hamper


Also found in: Dictionary, Thesaurus, Legal, Wikipedia.

hamper

Nautical gear aboard a vessel that, though essential, is often in the way

hamper

[′ham·pər]
(naval architecture)
Articles of outfit, especially spars, rigging, and so on, above the deck.
References in classic literature ?
seized Pigling by the scruff of the neck, and dropped him into the hamper.
The hamper containing six fowls and a young pig was no light weight; it was taken down hill, unsteadily, with jerks.
Winkle, rolled off the box once again, and proceeded to unpack the hamper with more expedition than could have been expected from his previous inactivity.
Vixen could not even see her master look at them without painful excitement: she got into the hamper and got out again the next moment, and behaved with true feminine folly, though looking all the while as wise as a dwarf with a large old-fashioned head and body on the most abbreviated legs.
He put his leg into the jam, and he worried the teaspoons, and he pretended that the lemons were rats, and got into the hamper and killed three of them before Harris could land him with the frying-pan.
Arthur whispered to me, as, at a signal from Lady Muriel, we moved on to where the hampers had been collected, and devoted ourselves to the more substantial business of the day.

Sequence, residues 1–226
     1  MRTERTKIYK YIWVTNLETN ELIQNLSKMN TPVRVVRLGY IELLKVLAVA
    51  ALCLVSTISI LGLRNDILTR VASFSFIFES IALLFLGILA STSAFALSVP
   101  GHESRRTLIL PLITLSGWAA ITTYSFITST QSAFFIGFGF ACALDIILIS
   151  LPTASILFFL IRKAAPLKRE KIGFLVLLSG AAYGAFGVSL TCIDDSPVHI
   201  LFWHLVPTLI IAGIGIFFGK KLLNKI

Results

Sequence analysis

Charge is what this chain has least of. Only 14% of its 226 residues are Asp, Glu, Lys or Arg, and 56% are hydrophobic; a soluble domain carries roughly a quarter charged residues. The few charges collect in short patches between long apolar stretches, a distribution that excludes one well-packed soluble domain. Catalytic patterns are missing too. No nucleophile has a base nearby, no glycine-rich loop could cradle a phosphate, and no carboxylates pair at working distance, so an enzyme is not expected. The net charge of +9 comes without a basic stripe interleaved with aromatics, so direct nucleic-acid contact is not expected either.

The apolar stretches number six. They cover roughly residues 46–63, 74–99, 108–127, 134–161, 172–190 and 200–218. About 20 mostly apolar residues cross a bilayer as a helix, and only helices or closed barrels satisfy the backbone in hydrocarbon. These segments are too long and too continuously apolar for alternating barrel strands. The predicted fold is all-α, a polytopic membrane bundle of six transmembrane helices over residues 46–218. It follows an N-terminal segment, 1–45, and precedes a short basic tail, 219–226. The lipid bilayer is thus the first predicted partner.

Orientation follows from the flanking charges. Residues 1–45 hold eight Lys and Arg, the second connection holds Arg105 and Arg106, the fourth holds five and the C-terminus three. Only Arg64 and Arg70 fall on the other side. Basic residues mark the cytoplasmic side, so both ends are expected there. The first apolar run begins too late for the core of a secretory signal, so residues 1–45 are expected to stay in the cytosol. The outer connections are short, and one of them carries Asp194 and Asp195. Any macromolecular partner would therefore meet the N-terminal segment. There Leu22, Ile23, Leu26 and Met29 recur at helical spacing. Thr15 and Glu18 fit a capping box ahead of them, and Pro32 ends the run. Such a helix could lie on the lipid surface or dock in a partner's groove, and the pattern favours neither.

This hamper holds a great deal; we must have a division of labor.
John Richardson of Newcastle to his dear cousin Jemmy Cole, in London, with an account that he sent by such a vessel (for I remembered all the particulars to a title), so many pieces of huckaback linen, so many ells of Dutch holland and the like, in a box, and a hamper of flint glasses from Mr.
Grandmother went on talking in her polite Virginia way, not admitting their stark need or her own remissness, until Jake arrived with the hamper, as if in direct answer to Mrs.
Alec suggested when Mac said he felt as jolly as if he had been drinking champagne instead of the current wine that came with a great frosted cake wreathed with sugar roses in Aunt Plenty's hamper of goodies.
We have a picnic hamper with us, which marks our purpose in the public eye.
These whales I have known so large, that a man could hardly carry one upon his shoulders; and sometimes, for curiosity, they are brought in hampers to Lorbrulgrud; I saw one of them in a dish at the king's table, which passed for a rarity, but I did not observe he was fond of it; for I think, indeed, the bigness disgusted him, although I have seen one somewhat larger in Greenland.